Back in Barcelona, down by the Port Vell marina, there’s a huge happy lobster! This amazing sculpture was created by Javier Mariscal, mostly known by being the designer of Cobi, mascot of the 1992 Barcelona Olympic Games. This giant lobster was created to sit above Gambrinus bar and it fact was Gambrinus image for many years. Some years later almost all the bars from the area closed down but Barcelona City Council bought this sculpture and restored it just to keep there as it has become an icon at the Port Vell marina.

Not far from there, on the Rambla del Raval you can find a fat deformed cat created by Fernando Botero in 1987. This cat has been moving around Barcelona in different spots (Olympic Stadium, Drassanes, Ciutadella Park, etc) but finally has seemed to find it’s place in the young and fashionable Rambla del Raval.

This same well-known artist created another big animal sculpture located in Terminal 2 of the Barcelona airport: Botero’s horse. This statue is used by thousands of travellers each day as huge meeting point. “Let’s meet at the giant horse”, is something very common to be heard when you need to meet with someone at Terminal 2.

Back in Barceloneta you can admire a huge tower of wobbly glass and iron boxes right in the middle of the beach! This crazy sculpture was created by the German artist Rebecca Horn for the 1992 Olympic Games and is called “L’Estel Ferit”, however it is commonly known as The Cubes.

In various points, scattered around Barcelona, large pieces of pasta shells (Galets) are placed in the streets, that light up at night, during the Christmas period. Galet soup is the traditional catalan starter for the Christmas meal. This odd tradition has been was started in 2009 by the City Council.

In the suburb of Vallcarca, very near to Park Güell, there is a huge ant climbing up the side of an apartment block, why this is we don’t know, but it doesn’t really matter anyway……it’s a huge ant climbing up the side of an apartment block!

Down the coast in the city of Tarragona stands one of the most bizarre statues yet, it is in the memory or honour of the grand Transformer himself, the one and only Mazinger Z……how brilliant is that!

A love of large objects and abstract animal figures seem to decorate many streets and public areas in Catalonia, and these are to name but a few. So for all those that like large objects and abstract animal figures, this one’s for you.

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Posted by: Jonathan Street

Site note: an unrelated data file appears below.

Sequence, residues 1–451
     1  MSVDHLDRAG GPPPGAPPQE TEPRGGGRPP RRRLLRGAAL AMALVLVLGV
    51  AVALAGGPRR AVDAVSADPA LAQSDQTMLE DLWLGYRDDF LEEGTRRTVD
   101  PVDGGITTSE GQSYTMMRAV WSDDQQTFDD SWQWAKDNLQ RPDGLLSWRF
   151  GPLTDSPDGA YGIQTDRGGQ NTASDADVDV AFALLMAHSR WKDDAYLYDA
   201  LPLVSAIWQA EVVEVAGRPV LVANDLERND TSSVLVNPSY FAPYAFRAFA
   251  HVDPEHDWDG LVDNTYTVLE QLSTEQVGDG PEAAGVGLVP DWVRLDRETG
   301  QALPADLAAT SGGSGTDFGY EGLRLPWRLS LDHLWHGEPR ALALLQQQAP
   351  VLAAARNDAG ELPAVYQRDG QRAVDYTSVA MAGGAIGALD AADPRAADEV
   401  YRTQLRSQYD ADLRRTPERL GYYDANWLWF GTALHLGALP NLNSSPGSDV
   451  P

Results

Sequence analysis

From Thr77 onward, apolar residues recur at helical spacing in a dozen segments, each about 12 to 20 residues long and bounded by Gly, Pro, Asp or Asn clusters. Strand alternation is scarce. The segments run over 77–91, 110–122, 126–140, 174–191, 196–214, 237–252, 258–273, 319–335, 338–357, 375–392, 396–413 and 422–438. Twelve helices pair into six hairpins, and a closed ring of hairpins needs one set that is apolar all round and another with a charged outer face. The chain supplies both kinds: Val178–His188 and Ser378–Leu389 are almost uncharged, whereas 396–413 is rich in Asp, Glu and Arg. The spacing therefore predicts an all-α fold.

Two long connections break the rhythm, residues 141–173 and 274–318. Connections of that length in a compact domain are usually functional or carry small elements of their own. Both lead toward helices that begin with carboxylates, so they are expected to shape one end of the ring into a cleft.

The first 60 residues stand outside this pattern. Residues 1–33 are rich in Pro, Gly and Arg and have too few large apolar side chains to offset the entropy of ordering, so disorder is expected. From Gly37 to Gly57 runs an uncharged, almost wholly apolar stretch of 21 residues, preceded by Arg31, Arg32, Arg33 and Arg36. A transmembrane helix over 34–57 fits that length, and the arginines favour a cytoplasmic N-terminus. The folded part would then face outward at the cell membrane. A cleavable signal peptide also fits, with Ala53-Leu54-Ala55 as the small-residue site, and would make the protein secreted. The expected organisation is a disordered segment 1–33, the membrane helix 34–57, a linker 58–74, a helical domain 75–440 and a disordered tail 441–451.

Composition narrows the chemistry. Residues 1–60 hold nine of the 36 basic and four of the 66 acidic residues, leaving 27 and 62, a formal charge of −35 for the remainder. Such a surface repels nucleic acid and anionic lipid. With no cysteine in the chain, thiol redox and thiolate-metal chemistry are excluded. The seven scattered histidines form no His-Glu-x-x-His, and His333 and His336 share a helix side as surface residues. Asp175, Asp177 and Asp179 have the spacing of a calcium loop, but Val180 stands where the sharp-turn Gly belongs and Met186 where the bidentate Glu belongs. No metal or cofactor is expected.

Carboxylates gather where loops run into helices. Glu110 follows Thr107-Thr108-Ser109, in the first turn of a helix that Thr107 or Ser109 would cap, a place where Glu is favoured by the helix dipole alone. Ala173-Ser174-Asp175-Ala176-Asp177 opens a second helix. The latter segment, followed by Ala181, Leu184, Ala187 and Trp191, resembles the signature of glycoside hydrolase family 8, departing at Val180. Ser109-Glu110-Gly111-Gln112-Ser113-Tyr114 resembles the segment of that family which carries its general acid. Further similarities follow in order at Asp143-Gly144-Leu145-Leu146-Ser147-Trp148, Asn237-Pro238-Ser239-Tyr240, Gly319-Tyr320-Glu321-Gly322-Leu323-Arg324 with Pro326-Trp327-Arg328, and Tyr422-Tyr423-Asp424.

December 4th, 2014 in Travel spots
Get lost…in the longest Labyrinth in Spain

Kilometres of conifer tree corridors, curly, curved and circular, capped off with a castle in the centre…………How far would you dare to go!

Getting lost in a labyrinth can be scary or fun, depending on the circumstances. Being chased by a crazy axe branding Jack Nicholson covered by snow and sub zero temperatures…

…..or by a half man, half bull like creature, namely the Minotaur is one thing, but taking a family stroll on a sunny day and enjoying the scenery is another.

If your preference is the latter, why not try to get lost in the longest labyrinth in Spain, and one of the longest in the world, located in the Rafael de la Cerda park in Tentegorra, Cartagena. Recently opened, its 5 km maze features a Viewing tower in the form of a small castle in the middle and a bridge in order to help you find your bearings.

Occupying 5200 square metres of 3m high cypress trees, the labyrinth offers an easy route, which takes only 15 minutes, and a more difficult route, which is the more fun because it means you get lost for longer. There are 12 entrances/exits, depending on which way you’re going, but if you really can’t find your way out there are various emergency exits and two monitors, not minotaurs, that are constantly doing the rounds inside the maze itself.

The Rafael de la Cerda park also has an adventure assault course and small water park. So if you were to depend on the circumstances of this particular labyrinth it could be said that this one is more fun than scary…….sorry Jack!

Other important labyrinths in Spain:
The gardens of Horta, in Barcelona, which are the oldest in the city and have two gardened areas; one being of the eco classic style from the XVII century and the other being a romantic garden from the XIX century. For more information, read our previous blog post.

The Capricho, in Madrid, which was made for the Duchess of Osuna. It is of the romantic period and is never too busy due to its location, far from the city centre.

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Posted by: Jonathan Street
November 20th, 2014 in Travel spots
Torrent de Pareis: A beach hidden between the cliffs

Torrent de Pareis is one of the most spectacular and unique beaches in the Balearic Islands.

Due to thousands of years of erosion from the waters of Torrent de Pareis, that cut through the mountains of Sierra de Tramontana to finally reach the sea on the coast of Mallorca, the spectacular crystal clear and deep blue colour of the sea sits at the bottom of the 200m cliffs with the 25 metre long beach of cala de Sa Calobra in a narrow canyon below.

Sa Calobra is untouched by mass tourism due to its limited access restricted through a winding pass or from the sea by boat. To get there is not so easy.